Hay is the lovely, sweet-smelling end product of drying cut grass in the sun. The sight and smell of hay to many people is soft, warm and comforting.
But hay is actually something much more practical – winter food, or ‘fodder’, for cows and sheep. It’s what keeps them healthy through long, dark winters – energy food, grown and preserved by sunshine.
No wonder there is a centuries-old saying ‘make hay while the sun shines’. Farmers are anxious to dry their grass as quickly as possible after cutting. A few days in the sun, turned once by a hay-turner machine, is all it usually needs before being baled. The round or square bales are stored away in a barn or in an outside haystack. But rain can spell disaster, ruining the haymaking process and leaving farmers without enough winter fodder for animals.
Silage is also made from grass and other pasture plants, but it’s completely different from hay.
It’s a fermented, high-moisture fodder which is compacted and stored in airtight conditions. Because air is excluded, anaerobic micro-organisms ferment the plant material, preserving it so it can be stored for a long time – a bit like pickling vegetables, or making yoghurt or cheese to extend the life of milk. Because of this process, silage also contains more nutrients than hay – a kind of superfood for cows.
Over the winter, when there are no fresh forage crops, silage can be a vital part of the diet for animals, especially cattle. The anaerobic fermentation also makes the silage taste slightly sweet or sour, which cows seem to like!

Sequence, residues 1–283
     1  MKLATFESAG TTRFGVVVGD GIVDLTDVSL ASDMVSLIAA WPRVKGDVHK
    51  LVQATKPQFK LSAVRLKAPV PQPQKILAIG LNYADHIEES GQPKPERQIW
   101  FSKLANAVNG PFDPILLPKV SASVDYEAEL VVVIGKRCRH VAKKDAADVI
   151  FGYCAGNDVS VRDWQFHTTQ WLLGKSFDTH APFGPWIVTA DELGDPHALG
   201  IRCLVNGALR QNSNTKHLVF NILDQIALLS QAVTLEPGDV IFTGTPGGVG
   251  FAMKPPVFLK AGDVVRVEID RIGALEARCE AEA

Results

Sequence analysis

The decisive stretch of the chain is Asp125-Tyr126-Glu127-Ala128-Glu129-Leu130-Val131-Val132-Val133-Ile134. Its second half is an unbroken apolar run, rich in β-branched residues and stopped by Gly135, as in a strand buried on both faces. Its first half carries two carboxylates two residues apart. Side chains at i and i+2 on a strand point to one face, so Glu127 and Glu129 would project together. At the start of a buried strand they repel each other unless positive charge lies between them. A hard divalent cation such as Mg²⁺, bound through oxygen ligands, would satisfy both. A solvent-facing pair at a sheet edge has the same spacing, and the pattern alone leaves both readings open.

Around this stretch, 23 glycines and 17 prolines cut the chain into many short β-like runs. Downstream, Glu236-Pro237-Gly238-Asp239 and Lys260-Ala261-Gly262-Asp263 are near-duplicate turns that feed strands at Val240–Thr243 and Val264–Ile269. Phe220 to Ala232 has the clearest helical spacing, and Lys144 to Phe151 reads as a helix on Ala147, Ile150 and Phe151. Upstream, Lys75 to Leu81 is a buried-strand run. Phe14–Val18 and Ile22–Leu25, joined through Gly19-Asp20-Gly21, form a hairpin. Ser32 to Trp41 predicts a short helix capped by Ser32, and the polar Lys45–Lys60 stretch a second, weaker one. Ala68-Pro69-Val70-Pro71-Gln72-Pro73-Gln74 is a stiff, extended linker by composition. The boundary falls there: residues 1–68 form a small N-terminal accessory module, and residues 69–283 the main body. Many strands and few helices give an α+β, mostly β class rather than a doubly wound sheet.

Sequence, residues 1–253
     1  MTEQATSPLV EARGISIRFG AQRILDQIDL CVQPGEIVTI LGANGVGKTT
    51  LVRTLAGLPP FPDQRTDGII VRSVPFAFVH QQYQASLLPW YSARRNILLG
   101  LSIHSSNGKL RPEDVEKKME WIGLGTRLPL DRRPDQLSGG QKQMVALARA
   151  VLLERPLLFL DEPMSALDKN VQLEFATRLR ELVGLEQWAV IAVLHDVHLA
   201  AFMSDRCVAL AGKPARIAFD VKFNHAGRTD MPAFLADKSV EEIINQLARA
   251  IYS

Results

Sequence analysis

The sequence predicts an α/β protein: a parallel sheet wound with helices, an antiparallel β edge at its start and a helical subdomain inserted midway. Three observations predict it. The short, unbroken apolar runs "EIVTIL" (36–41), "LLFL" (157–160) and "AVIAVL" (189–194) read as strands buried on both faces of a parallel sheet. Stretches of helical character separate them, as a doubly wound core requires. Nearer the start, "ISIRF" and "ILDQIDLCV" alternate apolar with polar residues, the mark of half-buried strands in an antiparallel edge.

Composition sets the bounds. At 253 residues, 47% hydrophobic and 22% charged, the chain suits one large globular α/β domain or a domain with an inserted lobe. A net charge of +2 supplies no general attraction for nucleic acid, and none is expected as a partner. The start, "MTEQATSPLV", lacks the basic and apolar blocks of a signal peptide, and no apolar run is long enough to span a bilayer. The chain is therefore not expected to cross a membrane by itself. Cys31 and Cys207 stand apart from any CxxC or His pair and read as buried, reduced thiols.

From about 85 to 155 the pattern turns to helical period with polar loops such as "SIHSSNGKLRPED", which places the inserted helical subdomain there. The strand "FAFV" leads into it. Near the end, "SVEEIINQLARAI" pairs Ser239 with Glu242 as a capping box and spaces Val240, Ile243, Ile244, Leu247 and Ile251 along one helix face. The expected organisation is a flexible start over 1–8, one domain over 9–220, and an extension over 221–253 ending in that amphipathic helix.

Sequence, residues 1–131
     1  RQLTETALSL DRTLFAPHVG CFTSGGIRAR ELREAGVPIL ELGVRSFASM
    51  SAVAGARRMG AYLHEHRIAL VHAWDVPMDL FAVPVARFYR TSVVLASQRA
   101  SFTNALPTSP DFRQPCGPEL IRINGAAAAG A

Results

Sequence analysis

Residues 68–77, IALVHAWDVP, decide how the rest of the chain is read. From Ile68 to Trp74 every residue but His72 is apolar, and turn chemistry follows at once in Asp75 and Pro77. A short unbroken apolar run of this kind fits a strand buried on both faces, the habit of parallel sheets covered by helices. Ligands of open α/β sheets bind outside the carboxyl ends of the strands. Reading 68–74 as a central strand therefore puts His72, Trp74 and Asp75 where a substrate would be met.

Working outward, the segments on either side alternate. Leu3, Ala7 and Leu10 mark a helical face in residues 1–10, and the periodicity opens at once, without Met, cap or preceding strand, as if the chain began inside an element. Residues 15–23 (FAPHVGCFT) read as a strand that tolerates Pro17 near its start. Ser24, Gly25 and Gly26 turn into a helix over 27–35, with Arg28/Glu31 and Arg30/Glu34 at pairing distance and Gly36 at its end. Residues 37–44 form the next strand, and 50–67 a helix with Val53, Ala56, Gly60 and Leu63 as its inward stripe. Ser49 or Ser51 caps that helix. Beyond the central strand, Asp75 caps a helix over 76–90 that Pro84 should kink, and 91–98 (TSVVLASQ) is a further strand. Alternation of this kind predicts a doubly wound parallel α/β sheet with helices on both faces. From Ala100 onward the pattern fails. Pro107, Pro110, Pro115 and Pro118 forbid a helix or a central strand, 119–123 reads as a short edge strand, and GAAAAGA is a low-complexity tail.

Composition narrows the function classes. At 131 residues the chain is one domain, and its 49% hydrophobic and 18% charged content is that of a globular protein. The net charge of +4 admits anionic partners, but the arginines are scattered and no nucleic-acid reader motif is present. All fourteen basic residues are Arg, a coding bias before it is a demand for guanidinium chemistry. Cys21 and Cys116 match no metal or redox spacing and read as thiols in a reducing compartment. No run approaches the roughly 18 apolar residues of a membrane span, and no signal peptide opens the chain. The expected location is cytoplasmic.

Farmers in the UK typically get two or three ‘cuts’ of grass in summer, to make silage or hay. Silage can be made from mown grass or other crops such as alfalfa or maize plants. After mowing, it’s left to’wilt’ in lines for a day or two, but not as long as hay. The farmer then uses a machine called a ‘forage harvester’ to chop it into small pieces.
Silage is often made in a pit or ‘clamp’, a very large container made with concrete walls, or built into the side of a bank. The chopped organic matter is built up in layers on top of each other, run over by a tractor to press it down, then covered with plastic sheeting and weights to exclude air.
Nowadays, silage can also be made by tightly wrapping round bales in plastic – watch it here. These are the familiar black (or white, green or pink!) rolls which can be seen in fields or stacked in farmyards. This is another way to exclude air, allowing anaerobic fermentation to take place. In the UK, there are strict rules about disposing of plastic silage film that farmers must follow, using specialist recycling companies.
Farmers need to use the right grass / crop mixture for their to give enough nutrients to their cows. This is especially important for dairy cows, to make good quality milk.
Fact: apparently, the best time to cut grass for silage is in the afternoon, as that’s when the sugar content of grass is highest.
In case you’re interested, here you can find lots of technical information about making silage!